Attorney Launde [for defendant]: Sir, you plainly see how [the plaintiff claims] that he had submitted himself to [the defendant’s] medicines and his care; and after that he can assign no trespass in his person, inasmuch as he submitted himself to his care: but this action, if he has any, sounds naturally in breach of covenant. We demand [that the case be dismissed].
Excerpts from Judge Denum’s Decision: I saw a Newcastle man arraigned before my fellow justice and me for the death of a man. I asked the reason for the indictment, and it was said that he had slain a man under his care, who died within four days afterwards. And because I saw that he was a [doctor] and that he had not done the thing feloniously but [accidentally] I ordered him to be discharged. And suppose a blacksmith, who is a man of skill, injures your horse with a nail, whereby you lose your horse: you shall never have recovery against him. No more shall you here.
Afterwards the plaintiff did not wish to pursue his case anymore.
This case from 1329 is an ancient medical malpractice action. Attorney Launde does not deny that his client blinded the plaintiff. He claims that the plaintiff has brought the rong kind of lawsuit. Launde argues that the plaintiff should have brought a case of “covenant,” that is, a lawsuit about a contract.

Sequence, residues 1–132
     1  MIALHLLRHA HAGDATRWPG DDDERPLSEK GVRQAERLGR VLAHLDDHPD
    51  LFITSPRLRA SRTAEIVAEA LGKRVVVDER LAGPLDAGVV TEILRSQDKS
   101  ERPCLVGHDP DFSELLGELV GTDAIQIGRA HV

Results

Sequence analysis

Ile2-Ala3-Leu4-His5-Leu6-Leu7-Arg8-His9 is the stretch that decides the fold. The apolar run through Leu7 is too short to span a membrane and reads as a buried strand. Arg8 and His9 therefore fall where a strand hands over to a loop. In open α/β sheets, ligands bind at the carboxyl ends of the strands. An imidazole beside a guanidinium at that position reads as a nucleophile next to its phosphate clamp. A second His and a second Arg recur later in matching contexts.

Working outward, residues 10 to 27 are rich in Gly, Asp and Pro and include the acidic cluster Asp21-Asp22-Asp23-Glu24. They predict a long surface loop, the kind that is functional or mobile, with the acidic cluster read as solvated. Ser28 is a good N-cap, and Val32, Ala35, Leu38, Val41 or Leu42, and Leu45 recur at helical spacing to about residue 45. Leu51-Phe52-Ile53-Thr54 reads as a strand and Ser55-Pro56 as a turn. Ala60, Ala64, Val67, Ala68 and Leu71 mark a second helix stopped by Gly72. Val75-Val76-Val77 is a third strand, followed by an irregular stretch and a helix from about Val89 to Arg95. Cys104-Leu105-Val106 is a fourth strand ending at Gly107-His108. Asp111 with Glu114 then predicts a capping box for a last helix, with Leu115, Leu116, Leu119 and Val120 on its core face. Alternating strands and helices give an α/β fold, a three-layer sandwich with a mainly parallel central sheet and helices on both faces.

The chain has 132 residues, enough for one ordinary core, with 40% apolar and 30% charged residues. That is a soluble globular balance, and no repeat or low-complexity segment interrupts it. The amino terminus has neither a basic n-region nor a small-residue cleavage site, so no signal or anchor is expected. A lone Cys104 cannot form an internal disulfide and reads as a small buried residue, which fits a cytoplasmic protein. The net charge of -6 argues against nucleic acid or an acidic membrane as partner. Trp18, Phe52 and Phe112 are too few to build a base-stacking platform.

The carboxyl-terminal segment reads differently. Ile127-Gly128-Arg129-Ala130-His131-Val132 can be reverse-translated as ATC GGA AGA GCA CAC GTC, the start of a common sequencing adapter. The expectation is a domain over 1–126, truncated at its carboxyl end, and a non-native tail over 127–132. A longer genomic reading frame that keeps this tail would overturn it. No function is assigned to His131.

Judge Denum decides the case on a different principle. He gives judgment to the defendant because the plaintiff voluntarily sought medical care. He implies that the defendant would lose only if he had attacked the plaintiff. As we will see when we study negligence law, this case might have a different outcome today. Note also the informality of the judge’s ruling. He rather casually mentions that he came across a related case once before and that he would stand by that outcome. The idea of precedent is just beginning to take hold.